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In some countries it's a common practice to whitewash the trunks of fruit trees in the spring and autumn. They say it protects them from sunburns and that the calx (CaO) acts as a disinfectant. But critics say that the calx in combination with acid rains can kill the tree and we should stick to copper-based fungicides for disinfection

painted tree

Is there a scientific consensus regarding this practice?

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    They say it protects them from sunburns -- who says that? (can trees even get sunburned? And at the ground, the part with the least direct sunlight exposure?) I think this claim needs a reference. I've always heard it was to deter pests. But I don't have a good reference for that, either. – Flimzy Apr 23 '17 at 6:36
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    Please cite notable sources claiming that this is done to protect from sunburns and to act as a disinfectant. You can also cite notable sources claiming that it hurts the trees, but you need to cite notable sources that make the claim you are skeptical of. – SIMEL Apr 23 '17 at 8:00
  • Im wondering if this question is not better suited to the gardening SE. – Neil Meyer Apr 24 '17 at 8:55
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TL;DR: I did not find any scientific consensus on this subject.

The claim:

According to this 2014 Statesmen article,

Horticulturists from the University of California and Sunset magazine still recommend this tried-and-true technique. This method still is used by professional orchardists.

It claims that the method "prevents sunburned tree bark" and "protects from damaging boring insects such as beetles, moth larvae and horntails", possibly by filling cracks in the bark.

For techniques, it mentions "an old-fashioned recipe" of "salt and hydrated lime for whitewash", "white latex paint", "wrapping the trunks with paper, plastic or cloth tape", and even "white corrugated drain pipe".

It seems that there are several ways of whitewashing trees without using CaO.

More authoritative sources:

The University of California Agricultural & Natural Resources Pest Management Program states this in regard to avocado trees and sunburn:

Whitewash young trees routinely at planting.

Moreover,

Special whitewash products are available, or white interior latex paint diluted 50% with water can be applied. An inexpensive whitewash formula is 50 lbs hydrated lime and 4 lbs zinc sulfate to each 100 gallons of water. Certain white film kaolin clay particle products can be sprayed onto foliage to reduce sunburn and tree heat stress...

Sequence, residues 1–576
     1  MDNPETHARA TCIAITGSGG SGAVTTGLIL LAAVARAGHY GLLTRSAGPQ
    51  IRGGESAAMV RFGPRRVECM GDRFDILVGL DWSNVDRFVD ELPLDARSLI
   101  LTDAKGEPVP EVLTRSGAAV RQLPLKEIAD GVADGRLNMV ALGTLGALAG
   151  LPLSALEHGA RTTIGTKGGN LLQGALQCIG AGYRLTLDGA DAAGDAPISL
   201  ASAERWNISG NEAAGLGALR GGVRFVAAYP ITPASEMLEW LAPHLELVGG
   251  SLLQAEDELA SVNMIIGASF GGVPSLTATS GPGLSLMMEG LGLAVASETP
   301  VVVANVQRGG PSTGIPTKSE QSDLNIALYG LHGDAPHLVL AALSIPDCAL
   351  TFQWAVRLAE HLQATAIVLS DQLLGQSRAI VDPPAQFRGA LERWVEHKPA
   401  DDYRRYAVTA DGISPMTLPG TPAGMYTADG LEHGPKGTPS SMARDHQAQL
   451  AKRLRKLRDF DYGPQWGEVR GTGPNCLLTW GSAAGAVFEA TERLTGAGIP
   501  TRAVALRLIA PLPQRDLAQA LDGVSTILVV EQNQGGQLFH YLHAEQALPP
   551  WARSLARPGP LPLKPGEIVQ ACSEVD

The webpage sources a peer-reviewed publication. As far as I can tell, it does not mention potential risks during acid rain. It does mention "hydrated lime", which is Ca(OH)2, not CaO, which is soluble in acids.

CaO and acid rain:

Note that CaO, "quicklime", reacts to form Ca(OH)2, "hydrated lime", in water. Hydrated lime is soluble in acids.

Most importantly, liming can neutralize acidic water and buffer them from rapid fluctuations in pH. The source states that liming is advantageous due to being "non-toxic", a "natural mineral", and "dissolvable in water". It states these qualifications for the lime:

Use high-quality, contaminant-free (< 5% of magnesium), and nutrient-free (low nitrates and phosphates) agricultural lime.

However, it does not recommend hydrated lime, because

Hydrated lime (calcium hydroxide, Ca(OH)2) and quicklime (calcium oxide, Ca(OH)2)... are corrosive, difficult to control, and may not be legal to apply. Hydrated lime and quicklime have been used for acid neutralization because less is needed (they have higher neutralizing values than pure limestone), but both are caustic.

Causticity is a property of corrosive substances, which cause chemical burns on contact. (This may be the source of claims that it is a "good disinfectant" and "prevents insects".) However, since we have seen that there are various ways to prepare the whitewash mixture, it's possible that causticity is sufficiently low.

Moreover, according to this source,

Acid rain is more likely to weaken trees by damaging their leaves rather than killing them directly. By damaging their leaves, they trees cannot receive as many nutrients or make them more susceptible to toxic substances.

If this is the case, then it's possible that whitewashed trees die mostly due to acid rain, rather than a combination of acid rain and whitewash.

The conclusion:

There appears to be no scientific consensus on avoiding whitewash for trees.

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